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    Upper house election today

    Polls opened for the House of Councillors (upper house) election this morning. The run-up has been contentious in a rather boring way, with cabinet members suffering from the usual misappropriation scandals and foot-in-mouth syndrome but none of the sense of momentousness of the Koizumi-era show-downs. I miss that guy. Even the Nikkei reports come off somewhat listless:

    Issues such as pensions and “politics and money” are the points of contention in the twenty-first upper house election, for which voting began on the morning of 29 July. Ballot counting will begin today.

    The focus is on whether the ruling or opposition coalition will capture the majority in the upper house. The results of the election will have a major influence on the overall political future of the Abe cabinet. The direction of the results is expected to be clear by late tonight.

    According to the Ministry of Internal Affairs and Communications, 16.93% of the electorate had voted by 11 a.m., exceeding by 0.21 percentage points the comparable figure for the last election in 2004.

    Nevertheless, this could be a turning point. The DPJ-led opposition is not pushing a policy platform that differs all that much from that of the LDP this time around. It’s focusing instead on accusing the LDP of fat cat syndrome–corruption and lack of transparency.

    The office of agriculture/forestry/fisheries minister Norihiko Akagi obligingly ensured there would be a fresh LDP scandal blanketing the media this election weekend:

    Farm minister Norihiko Akagi flew back from Beijing on Friday and landed in yet another political fund scandal–this one involving photocopied receipts to doubly book spending by his two political organizations.

    The new irregularities were uncovered by The Asahi Shimbun, which obtained copies of Akagi’s political fund reports from Ibaraki Prefecture under the information disclosure system.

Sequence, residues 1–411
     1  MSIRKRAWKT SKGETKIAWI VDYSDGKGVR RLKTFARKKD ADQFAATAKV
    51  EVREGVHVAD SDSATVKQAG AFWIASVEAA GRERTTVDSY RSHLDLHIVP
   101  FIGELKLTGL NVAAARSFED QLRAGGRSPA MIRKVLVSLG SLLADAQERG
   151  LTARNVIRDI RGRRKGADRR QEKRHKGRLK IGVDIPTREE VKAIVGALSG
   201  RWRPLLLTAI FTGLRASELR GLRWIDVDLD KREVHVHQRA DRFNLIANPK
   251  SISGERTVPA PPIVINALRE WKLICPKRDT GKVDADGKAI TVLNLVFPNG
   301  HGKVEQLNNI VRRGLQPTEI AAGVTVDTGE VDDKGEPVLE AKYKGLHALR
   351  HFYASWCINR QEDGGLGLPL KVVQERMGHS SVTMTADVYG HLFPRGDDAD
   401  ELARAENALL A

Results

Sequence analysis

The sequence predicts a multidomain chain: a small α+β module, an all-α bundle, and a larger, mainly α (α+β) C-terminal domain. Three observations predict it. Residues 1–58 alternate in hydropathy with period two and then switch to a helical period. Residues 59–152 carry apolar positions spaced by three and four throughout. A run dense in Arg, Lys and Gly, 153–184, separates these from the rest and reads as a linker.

Akagi has been under fire for huge and dubious office expenses reported by the support group based in his parents’ home.

    His mother at one time said the group rarely met at the home, and that she covered the utility bills.

    Added later: What they’re showing so far is 29 wins for the LDP and Shin-Komeito combined and 54 for the DPJ, Communist Party of Japan, and Social Democratic Party of Japan combined. Abe has said that he plans to think carefully about reshuffling his cabinet as a move to “take responsibility.” JNN, one of the networks I’ve been flipping through, has been flashing viewer e-mails across the top of the screen. The running themes, not surprisingly, are “this is what the LDP gets!” and “we’ll be watching you, DPJ!”

    6 Responses to “Upper house election today”

    1. Alan says:

      First a disclaimer: I promise I don’t check this site every five seconds for an update. Can I help it if I get lucky?

      Anyway, who do you think will take this election? As I can’t vote, I don’t really pay attention to the candidates. Obviously I want it to be as beneficial to the US as possible (as regards the war and our alliance), but on the other hand, isn’t it time for some new leadership in a democratic government?

      Besides, I don’t really want to see more Abe on tv. The man makes Bush look like Reagan when it comes to public speaking.

    2. Sean Kinsell says:

      Who do I think will take the election? The honest answer is “I don’t know.”

      The blogger answer is: Well, it’s definitely looking as if the LDP and Shin-Komeito stand to lose a number of seats. Whether the DPJ is going to wipe the floor with them is another matter. And in a sense, it won’t make much difference in the short term. It’s the House of Representatives that chooses the Prime Minister, and the LDP coalition still has a kick-ass majority there. The LDP has portrayed the DPJ as dangerous because it could bring on the return of big government. (Small government, of course, is a relative concept in Japan.) But it’s more likely that there would be deadlock on some bills and endless deal-brokering on others. Would Abe be pushed to step down if the ruling coalition took a beating today? Maybe. But there doesn’t seem to be anyone who’d be up for taking the reins if Abe left office. I doubt foreign policy would change much one way or another.